Improvement of Endocardial and Vascular Endothelial Function on Myocardial Performance by Captopril Treatment in Postinfarct Rat Hearts
Background—Endocardial (EE) and myocardial capillary vascular endothelial (myocap VE) cells have been shown to modulate the contractile characteristics of myocardium in a calcium-dependent manner. We evaluated the endothelial-myocardial interaction in the rat postinfarction myocardial infarction (MI) model and the effects of captopril.
Methods and Results—Wistar rats were divided into 4 groups treated for 4 weeks: (1) control; (2) infarcted controls (left anterior coronary artery ligation); (3) infarcted+captopril 2 g/L in drinking water; and (4) infarct+captopril+triton intracoronary injection. Coronary VE function was evaluated by infusion of serotonin in Langendorff preparations (n=31), and the myocardial contractile characteristics were investigated by use of isolated papillary muscles (n=44). Cardiac mRNA for endothelial constitutive nitric oxide synthase (ecNOS) was measured, and its cellular location was evaluated by immunohistochemistry. Serotonin-induced increase in coronary flow was decreased in infarct controls compared with controls (4.6% versus 53.4%, P<0.01) but not in the 2 infarct+captopril groups. Intracoronary triton injection decreased serotonin-induced coronary flow in the infarct+captopril+triton group. All MI groups had decreased total tension in isolated papillary muscles. EE removal by triton immersion decreased total tension in all groups except for infarct controls (3.3 versus 3.2 g/mm2). Cardiac ecNOS mRNA decreased in the control infarct group but remained normal in the infarct+captopril group.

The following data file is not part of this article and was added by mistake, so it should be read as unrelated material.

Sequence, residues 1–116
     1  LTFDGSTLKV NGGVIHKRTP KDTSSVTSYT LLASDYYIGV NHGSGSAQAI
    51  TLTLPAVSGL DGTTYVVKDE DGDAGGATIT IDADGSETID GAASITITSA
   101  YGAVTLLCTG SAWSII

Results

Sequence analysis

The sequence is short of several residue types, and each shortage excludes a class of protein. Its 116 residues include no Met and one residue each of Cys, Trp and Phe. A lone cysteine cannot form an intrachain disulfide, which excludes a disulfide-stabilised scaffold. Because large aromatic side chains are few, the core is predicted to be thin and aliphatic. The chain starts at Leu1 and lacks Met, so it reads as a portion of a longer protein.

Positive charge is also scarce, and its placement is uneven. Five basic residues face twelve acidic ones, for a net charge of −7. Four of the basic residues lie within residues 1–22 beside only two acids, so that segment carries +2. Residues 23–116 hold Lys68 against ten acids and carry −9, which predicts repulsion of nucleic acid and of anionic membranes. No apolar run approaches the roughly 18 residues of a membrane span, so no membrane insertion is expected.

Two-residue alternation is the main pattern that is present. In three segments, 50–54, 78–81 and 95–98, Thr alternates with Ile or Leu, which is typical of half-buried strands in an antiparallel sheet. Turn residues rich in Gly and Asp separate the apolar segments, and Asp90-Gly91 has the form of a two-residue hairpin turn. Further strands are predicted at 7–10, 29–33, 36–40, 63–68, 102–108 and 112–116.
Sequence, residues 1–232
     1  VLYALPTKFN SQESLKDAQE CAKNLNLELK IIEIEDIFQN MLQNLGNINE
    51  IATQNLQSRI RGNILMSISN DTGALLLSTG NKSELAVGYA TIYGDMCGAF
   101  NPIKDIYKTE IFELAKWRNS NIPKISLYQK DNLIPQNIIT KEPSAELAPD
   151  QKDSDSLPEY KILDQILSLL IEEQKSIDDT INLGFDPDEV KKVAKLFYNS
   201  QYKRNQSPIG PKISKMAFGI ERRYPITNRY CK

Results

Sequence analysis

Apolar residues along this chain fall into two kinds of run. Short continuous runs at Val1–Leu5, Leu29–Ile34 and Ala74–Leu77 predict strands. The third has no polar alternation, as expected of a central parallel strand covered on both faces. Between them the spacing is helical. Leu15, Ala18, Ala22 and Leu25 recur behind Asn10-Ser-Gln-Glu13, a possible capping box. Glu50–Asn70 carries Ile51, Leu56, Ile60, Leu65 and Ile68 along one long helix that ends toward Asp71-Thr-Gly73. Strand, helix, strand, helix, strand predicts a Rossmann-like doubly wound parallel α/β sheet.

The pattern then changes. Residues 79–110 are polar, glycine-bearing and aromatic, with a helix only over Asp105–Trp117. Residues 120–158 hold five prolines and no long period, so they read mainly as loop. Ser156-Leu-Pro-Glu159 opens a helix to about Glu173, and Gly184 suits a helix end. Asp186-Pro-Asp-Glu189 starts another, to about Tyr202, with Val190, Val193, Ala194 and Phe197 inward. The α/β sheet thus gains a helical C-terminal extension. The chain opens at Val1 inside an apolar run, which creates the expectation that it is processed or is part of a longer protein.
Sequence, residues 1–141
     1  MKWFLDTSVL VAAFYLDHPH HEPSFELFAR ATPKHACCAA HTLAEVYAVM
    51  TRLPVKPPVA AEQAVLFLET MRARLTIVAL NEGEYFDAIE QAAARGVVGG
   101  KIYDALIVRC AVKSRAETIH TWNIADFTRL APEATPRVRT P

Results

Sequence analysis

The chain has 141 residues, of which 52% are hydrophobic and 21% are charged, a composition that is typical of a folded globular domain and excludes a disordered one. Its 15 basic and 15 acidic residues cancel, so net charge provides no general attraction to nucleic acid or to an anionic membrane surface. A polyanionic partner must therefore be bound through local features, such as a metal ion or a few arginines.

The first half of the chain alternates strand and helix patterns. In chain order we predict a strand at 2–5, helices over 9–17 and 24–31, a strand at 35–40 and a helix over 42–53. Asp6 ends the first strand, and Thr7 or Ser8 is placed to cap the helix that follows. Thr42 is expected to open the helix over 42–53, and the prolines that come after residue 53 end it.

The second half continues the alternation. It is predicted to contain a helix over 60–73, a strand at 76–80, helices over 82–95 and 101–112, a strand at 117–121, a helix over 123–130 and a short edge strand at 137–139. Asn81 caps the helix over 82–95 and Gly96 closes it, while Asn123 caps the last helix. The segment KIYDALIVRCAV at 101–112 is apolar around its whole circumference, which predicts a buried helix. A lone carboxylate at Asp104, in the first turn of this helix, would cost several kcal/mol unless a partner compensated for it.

Conclusions—Chronic postinfarction endothelium-induced coronary vasodilatation is impaired, and both EE and myocap VE dysfunction contribute to myocardial depression. Captopril use prevents these abnormalities and the reduction of cardiac ecNOS mRNA.